Sunday, August 3, 2014

Review #12: One, Two, Three by Elodie Nowodazkij


Let's just appreciate the author's name for a sec.

Thank you. So 1,2,3 (as it shall now be known) floats like a sonata by Mozart.
Rating: 9/10
For: Anyone who is/was/wants to be a dancer.,
Actually, if you want to dance DO NOT READ THIS BOOK. It will make you want to dance. {More on that later}
My synopsis in a sentence: I want to be a ballerina now.
Cover impression: Well hello pointe shoes and darkness and ballet tights.
Blurb: When seventeen-year-old Natalya’s dreams of being a ballerina are killed in a car accident along with her father, she must choose: shut down—like her mother—or open up to love. 
Last year,seventeen-year-old Natalya Pushkaya was attending the School of Performing Arts in New York City. Last year, she was well on her way to becoming a professional ballerina. Last year, her father was still alive.
But a car crash changed all that—and Natalya can’t stop blaming herself. Now, she goes to a regular high school in New Jersey; lives with her onetime prima ballerina, now alcoholic mother; and has no hope of a dance career.
At her new school, however, sexy soccer player Antonio sees a brighter future for Natalya, or at least a more pleasant present. Keeping him an arabesque away proves to be a challenge for Natalya and his patient charms eventually draw her out of her shell.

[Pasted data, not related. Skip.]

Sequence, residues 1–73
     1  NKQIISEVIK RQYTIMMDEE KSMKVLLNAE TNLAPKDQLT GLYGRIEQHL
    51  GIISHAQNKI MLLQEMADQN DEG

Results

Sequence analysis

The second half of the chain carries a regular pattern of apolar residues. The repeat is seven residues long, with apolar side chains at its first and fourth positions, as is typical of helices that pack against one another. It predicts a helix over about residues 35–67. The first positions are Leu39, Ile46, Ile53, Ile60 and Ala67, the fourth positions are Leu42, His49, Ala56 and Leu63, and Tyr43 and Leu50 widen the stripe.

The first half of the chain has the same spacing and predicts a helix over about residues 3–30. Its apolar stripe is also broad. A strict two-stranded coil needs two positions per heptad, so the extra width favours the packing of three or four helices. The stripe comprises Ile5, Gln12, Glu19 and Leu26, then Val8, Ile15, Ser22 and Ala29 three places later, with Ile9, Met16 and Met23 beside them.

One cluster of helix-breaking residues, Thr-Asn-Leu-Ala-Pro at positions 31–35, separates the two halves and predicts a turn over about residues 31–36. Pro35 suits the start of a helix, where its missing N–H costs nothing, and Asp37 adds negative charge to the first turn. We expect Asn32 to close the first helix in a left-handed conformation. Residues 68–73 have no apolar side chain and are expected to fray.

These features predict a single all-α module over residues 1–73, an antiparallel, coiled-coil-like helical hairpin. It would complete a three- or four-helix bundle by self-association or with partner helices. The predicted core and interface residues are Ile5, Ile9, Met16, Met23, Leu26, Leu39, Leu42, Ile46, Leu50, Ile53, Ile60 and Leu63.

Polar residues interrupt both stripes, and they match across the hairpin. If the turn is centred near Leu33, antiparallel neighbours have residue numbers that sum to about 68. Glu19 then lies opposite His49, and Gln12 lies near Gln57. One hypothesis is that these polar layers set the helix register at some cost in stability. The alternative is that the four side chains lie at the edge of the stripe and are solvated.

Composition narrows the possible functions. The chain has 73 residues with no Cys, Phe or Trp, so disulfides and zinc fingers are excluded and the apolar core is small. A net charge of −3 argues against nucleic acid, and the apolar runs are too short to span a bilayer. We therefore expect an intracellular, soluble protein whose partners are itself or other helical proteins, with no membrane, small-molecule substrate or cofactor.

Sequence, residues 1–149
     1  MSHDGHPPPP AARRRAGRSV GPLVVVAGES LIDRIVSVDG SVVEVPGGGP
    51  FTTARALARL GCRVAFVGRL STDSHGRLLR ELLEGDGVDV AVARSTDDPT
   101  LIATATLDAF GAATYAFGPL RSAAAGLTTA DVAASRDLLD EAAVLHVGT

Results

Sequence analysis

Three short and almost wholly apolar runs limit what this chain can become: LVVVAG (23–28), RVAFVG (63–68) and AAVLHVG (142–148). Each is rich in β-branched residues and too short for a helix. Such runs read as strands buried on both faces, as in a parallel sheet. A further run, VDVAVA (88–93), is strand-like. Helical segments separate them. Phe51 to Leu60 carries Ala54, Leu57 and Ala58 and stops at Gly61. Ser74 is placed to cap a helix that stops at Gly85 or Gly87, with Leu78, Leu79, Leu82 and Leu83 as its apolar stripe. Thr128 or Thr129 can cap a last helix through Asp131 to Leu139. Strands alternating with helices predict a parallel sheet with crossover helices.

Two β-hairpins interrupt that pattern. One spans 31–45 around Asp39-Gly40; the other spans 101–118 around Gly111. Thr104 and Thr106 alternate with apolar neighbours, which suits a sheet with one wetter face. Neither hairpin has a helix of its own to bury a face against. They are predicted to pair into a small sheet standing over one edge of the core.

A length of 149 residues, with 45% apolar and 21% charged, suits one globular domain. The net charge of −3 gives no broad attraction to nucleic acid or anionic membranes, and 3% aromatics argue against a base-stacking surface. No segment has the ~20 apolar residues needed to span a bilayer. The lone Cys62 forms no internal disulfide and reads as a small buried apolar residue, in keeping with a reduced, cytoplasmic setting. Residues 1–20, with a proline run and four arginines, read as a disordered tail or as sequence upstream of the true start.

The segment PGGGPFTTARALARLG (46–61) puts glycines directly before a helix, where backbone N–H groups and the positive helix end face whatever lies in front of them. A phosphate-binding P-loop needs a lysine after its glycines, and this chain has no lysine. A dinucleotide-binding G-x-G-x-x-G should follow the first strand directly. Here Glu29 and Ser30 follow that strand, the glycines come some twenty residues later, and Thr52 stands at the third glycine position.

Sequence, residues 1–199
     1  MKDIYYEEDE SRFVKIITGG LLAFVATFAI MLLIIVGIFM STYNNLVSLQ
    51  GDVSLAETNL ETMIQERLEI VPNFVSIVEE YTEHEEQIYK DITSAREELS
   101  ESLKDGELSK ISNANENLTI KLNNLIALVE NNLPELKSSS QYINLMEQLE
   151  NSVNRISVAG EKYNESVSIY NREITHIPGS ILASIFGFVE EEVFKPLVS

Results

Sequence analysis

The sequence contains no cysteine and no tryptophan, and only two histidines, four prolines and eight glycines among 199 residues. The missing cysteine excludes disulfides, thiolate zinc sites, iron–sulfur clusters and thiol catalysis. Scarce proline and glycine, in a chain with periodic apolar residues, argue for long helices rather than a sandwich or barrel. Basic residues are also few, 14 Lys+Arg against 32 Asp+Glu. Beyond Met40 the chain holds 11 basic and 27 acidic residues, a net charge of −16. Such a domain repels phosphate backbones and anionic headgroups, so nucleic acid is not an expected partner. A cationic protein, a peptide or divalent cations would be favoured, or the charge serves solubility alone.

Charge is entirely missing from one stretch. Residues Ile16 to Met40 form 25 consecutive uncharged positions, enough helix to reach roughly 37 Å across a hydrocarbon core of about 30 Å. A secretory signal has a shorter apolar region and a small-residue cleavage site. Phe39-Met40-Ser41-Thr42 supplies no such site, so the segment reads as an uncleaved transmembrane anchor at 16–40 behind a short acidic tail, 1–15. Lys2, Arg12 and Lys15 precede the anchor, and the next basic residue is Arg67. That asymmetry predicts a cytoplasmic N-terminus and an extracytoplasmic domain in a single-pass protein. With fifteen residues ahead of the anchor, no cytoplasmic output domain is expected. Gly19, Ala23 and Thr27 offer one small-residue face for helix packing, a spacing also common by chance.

When upsetting secrets come to light and Tonio’s own problems draw her in, Natalya shuts down again, this time turning to alcohol herself.
Can Natalya learn to trust Antonio before she loses him—and destroys herself?

When I was a little girl, I wanted to be a ballerina. Every Tuesday I dilligently went along to my ballet classes, and learnt how to glissade at home. Yes, I taught myself how to spot (it's a pirouette thing) and pas de chat. But I was kicked out because I was too tall.

This book had me spinning around my room whilst reading it, as I was thrown into the world of Natalya and Tonio's romance (this is primarily a love story), yet Nata still struggles. She can't dance on her knee, yet has a place at a ballet school in NYC. She has to fill the gap the ballet filled so well, and turns to alcohol. This is by no means a book for the younger reader but very, very good.

The Book Fridge
As ever, Google stalk me HERE, email me HERE and comment!  The author has agreed to do an interview, so look out for that. I'm off on my holiday, so no post next week. 
This was provided for free by Netgalley in return for an honest review.  

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